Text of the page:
1. As far as I can find out, in the US, some 90% of murders are committed by men, and men constitute about 77% of the victims. So an alternative version of the title would be “Guns don’t kill people, men kill men”.

    Here in the UK, where the gun murder rate is about one thirtieth of that of the US, and the overall murder rate about one fifth (adjusted for population), about 64% of murder victims are men, and about two-thirds of murderers are men. I leave it to you to decide whether this is a direction you would like the US to move in. But I agree with you that I have no quick fix, nor do I know what one would look like.

    1. Also, your claim that 81% of those killed are women and children …

      70% of those killed are children who are killed by their mothers and of those killed 60% are boys.

      Why did you leave that out?

  2. Let’s be honest … women kill more people annually than men and boys. Women have just figured out a way to call it something else and get away with it. It’s called abortion.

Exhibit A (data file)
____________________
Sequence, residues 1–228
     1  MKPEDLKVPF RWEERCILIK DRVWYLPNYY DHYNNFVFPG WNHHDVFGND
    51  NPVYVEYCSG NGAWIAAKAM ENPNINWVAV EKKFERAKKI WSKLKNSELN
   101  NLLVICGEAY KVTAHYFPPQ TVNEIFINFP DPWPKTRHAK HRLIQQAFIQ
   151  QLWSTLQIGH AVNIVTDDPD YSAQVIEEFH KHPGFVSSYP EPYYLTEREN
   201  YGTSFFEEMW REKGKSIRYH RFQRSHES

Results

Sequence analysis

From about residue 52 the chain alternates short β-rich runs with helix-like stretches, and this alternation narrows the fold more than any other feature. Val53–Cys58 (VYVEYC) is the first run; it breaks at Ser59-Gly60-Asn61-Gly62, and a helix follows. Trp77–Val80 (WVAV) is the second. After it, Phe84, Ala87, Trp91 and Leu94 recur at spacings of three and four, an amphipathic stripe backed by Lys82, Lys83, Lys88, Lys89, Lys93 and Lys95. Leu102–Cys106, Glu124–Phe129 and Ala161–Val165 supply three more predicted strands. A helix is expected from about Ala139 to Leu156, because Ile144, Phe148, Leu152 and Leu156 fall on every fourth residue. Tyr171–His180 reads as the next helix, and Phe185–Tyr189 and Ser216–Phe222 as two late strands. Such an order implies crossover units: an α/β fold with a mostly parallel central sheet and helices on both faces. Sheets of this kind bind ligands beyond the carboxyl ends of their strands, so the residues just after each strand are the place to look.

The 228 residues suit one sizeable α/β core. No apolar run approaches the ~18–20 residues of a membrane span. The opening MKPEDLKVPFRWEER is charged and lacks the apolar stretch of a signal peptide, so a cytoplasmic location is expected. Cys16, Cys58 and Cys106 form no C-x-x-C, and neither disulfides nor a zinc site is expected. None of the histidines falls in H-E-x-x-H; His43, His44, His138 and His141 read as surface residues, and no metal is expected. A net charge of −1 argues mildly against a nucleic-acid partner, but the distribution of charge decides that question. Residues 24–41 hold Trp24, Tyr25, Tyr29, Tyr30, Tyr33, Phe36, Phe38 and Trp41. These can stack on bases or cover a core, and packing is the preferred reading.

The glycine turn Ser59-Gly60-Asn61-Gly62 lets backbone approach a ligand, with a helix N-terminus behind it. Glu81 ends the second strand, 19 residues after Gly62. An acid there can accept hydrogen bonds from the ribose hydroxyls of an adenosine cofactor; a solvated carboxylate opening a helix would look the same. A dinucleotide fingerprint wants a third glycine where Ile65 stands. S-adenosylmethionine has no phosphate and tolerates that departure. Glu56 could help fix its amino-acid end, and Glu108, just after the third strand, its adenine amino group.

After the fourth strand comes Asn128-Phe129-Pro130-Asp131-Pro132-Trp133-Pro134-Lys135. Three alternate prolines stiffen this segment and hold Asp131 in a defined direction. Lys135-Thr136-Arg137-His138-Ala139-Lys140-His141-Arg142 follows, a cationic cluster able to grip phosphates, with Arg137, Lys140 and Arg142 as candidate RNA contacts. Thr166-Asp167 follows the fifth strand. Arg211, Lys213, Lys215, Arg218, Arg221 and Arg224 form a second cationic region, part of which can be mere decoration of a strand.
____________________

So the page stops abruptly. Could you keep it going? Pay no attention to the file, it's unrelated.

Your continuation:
Not to mention that almost all perpetrators of child murder are women.

    If there is anything wrong with this country it’s that women consistently refuse to take responsibility for anything.

  3. Yes, let’s do be honest, that is a lie.

    The study (and no it’s not “my” claim) says no such thing. Do you really think no one will click through and catch you on your lie?

    And abortion is not “murder”, not even the Catholic church is using that kind of rhetoric these days. So that means you are either a shill for the NRA, or for the Trump reelection campaign, or both. But way to change the topic away from mass shootings and the men who perpetrate them.

    You are evil.

    Did you read my piece on killing women? https://genderdesk.wordpress.com/2018/03/28/the-atlantic-and-the-ideological-diversity-of-killing-women/

    (from Jessica Valenti):

    Any time I have written or spoken publicly my abortions, I have been threatened with death — and I’m far from alone. Women are terrorized about their reproductive decisions — whether it’s threats online or the increasingly frenzied violence against abortion providers and clinics. And, of course, it was just over two years ago that a shooter killed three people and injured nine others at a Colorado Planned Parenthood, screaming about “baby parts” — rhetoric directly taken from conservative writers.